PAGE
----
Sampling the guitar presented a challenge since it's not easy to hit the KP3's buttons while trying to play. The solution was a Behringer FCB1010 foot pedal MIDI controller, a long pedal board with 10 switches and two expression pedals. I mapped the first four switches to the KP3's A-D sample buttons. Two more switches turn the KP3's Hold mode on and off, respectively. When Hold is on I can use the expression pedals to control the touch pad's X and Y axes. The only bad thing about this setup is the fact that Korg didn't enable MIDI control of the Sample button. There's no getting around having to arm the sampler by pressing it on the KP3 itself. But that's not such a big deal since it's something I can do at a convenient moment, well before I intend to sample. I've also gotten good at hitting it with the guitar head.
I especially like that the KP3 can record loops of different lengths. Granted, it restricts me to 1, 2, 4, 8, or 16 bars (or fewer, if I'm at a slow enough tempo), but it's fine for how I use it. I generally use TC's trick of sampling things at 1 and 2 bars to establish a rhythm. Anything sampled in 1 bar becomes a kick, anything at 2 bars becomes a snare. Once those are going I apply delay to groove them out. I can resample both down to another track, or just cut them in and out on A and B. Tracks C and D are free for sampling longer phrases. I resample as needed to conserve tracks. I was interested in the Electro-Harmonix 2880, another guitar-friendly looper, until I realized how much I like having control over loop lengths.
Another cool thing about the KP3 is its set of LOOP patches, which continously capture the previous 4 bars of audio. The mini-KP can also do this but it's more useful on the KP3. For example, I use LOOP1 to capture a phrase from a news broadcast, keep my finger on the upper right corner of the touchpad to loop it, then hit Shift+Sample and A to record it to track A. The mini-KP has no resampling capability. I use this technique to fill up all four KP3 tracks on the fly. I keep whichever samples are the most interesting and bring them back throughout the performance.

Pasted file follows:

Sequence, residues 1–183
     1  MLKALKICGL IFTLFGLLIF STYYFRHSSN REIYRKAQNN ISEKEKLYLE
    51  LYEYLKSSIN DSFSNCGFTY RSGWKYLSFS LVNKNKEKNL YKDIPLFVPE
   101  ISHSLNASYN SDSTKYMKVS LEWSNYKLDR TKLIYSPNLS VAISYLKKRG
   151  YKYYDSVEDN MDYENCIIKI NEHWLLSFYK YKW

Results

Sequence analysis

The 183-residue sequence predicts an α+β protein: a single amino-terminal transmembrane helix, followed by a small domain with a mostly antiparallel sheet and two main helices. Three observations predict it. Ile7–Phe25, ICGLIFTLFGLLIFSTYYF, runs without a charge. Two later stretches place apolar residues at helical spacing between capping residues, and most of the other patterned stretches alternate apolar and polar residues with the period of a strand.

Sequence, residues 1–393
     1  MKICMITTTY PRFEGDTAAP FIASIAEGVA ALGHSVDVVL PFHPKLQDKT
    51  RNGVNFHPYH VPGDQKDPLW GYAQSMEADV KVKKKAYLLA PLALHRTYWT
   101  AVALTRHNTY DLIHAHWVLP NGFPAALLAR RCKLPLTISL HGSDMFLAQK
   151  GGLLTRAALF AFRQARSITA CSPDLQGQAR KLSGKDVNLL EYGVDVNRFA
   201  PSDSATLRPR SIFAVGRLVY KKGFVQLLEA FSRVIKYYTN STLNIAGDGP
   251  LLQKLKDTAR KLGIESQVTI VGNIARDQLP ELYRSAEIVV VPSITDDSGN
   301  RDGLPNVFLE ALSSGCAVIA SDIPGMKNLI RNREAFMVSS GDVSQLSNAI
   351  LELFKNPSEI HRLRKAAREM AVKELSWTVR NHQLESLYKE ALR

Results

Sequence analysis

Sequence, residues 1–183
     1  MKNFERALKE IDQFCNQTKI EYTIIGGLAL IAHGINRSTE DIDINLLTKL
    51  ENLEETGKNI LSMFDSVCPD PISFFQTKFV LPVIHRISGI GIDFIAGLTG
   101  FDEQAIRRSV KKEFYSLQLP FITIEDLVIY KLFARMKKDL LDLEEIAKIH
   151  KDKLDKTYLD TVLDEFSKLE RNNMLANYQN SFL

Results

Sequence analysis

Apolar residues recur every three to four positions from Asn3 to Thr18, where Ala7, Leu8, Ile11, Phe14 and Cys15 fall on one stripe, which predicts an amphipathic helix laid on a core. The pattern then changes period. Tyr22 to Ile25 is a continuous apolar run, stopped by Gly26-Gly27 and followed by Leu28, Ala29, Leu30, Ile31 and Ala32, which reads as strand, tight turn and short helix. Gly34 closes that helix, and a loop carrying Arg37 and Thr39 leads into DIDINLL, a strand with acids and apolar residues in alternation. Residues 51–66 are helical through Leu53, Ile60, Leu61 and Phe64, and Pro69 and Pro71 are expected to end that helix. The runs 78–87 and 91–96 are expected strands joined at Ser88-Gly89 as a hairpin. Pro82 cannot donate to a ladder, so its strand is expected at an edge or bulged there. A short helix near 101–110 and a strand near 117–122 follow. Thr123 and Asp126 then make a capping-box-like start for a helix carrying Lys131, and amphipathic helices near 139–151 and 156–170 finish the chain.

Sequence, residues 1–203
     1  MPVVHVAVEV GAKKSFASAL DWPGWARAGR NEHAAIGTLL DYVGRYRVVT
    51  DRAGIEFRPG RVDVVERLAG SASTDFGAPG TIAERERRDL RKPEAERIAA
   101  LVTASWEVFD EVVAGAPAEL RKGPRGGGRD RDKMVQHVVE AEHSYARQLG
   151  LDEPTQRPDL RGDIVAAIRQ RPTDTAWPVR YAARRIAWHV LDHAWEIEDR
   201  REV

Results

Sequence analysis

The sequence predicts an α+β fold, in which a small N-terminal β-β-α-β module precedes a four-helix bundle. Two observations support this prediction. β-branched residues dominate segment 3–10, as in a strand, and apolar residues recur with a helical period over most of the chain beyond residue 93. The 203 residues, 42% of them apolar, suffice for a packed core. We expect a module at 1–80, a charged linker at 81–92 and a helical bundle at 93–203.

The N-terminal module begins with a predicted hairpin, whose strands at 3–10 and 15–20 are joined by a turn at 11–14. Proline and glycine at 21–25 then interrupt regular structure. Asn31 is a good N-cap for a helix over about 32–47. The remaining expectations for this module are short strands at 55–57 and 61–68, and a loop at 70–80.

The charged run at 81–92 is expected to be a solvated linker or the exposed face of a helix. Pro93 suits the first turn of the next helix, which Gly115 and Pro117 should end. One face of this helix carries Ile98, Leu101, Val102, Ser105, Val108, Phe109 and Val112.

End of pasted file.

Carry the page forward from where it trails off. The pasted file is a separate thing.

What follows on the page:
Hit Shift+A and the touchpad becomes a mixer with four virtual faders. Not only is this a cool, Lemur-like interface, it's practical for when I want to dial one track back without affecting the others -- something that happens often when the send knob is a bit too far to the right. A word of warning, though: When HOLD is enabled, entering the mixer mode will stop playback. This can be jarring, so use it with caution. It would have been nice if Korg had included track panning, but we'll have to wait for the KP4 for that.
The KP3 isn't perfect. For one thing, it's timing isn't great. It's common for its loops to go out of sync with each other even when they're recorded at the same tempo. Hitting Align (Shift + Tap) mitigates this. You can also nudge a sample in time by hitting Shift+A (if it's on track A, for instance) and using the BPM knob to move its start point. The sync problems are worse if you're syncing the KP3 to an external clock. For instance, I had problems using an ER-1 as a clock master. That was surprising given they were both Korg boxes. After 5 minutes, the KP3 was noticeably ahead of the ER-1, skewed enough to kill the groove. After 15 minutes, it was a full 16th note ahead.
The best workaround, by far, is to upgrade your KP3 operating system to version 2.0 (download it from korg.com) and to set the KP3 to Loop Type 3 (read the documentation included in the OS upgrade). The default behavior is Loop Type 1, in which all four samples play constantly, remaining in rigid lockstep with each other, and pressing the A, B, C, and D keys simply mutes or unmutes them. This is bad since, while they remain in sync with each other, they drift with respect to the external clock. Loop Type 3 is different in that the samples begin playing when activated, starting from the point of activation. For instance, hitting the button repeatedly causes a stuttering effect, playing the first part of the sample each time. This obviously can throw the four loops out of sync with each other, but that's not necessarily a bad thing. I prefer having total control. Sync depends on my ability to hit the button at the right moment. This isn't a perfect fix since loops left on for too long will gradually drift, but it is the difference between the KP3 being useful and being a doorstop.
Another bad thing is how the KP3 sometimes pauses when you apply an effect. For example, the DEL1 delay patch cuts the audio for a moment before it kicks in. Even the mini-KP doesn't suffer from that.
It would be ideal if the KP3 could apply different effects to different tracks, or even apply more than one effect at a time. But that's one reason why I keep a mini-KP downstream.
TC uses his KP3 in much the same way, though he also uses the motion record feature now and then, something I rarely do. Neither of us uses smart cards, which makes sense given that our mission is to improvise. Neither have we used the editor software.
I hope this entry gives folks some insight into this versatile instrument.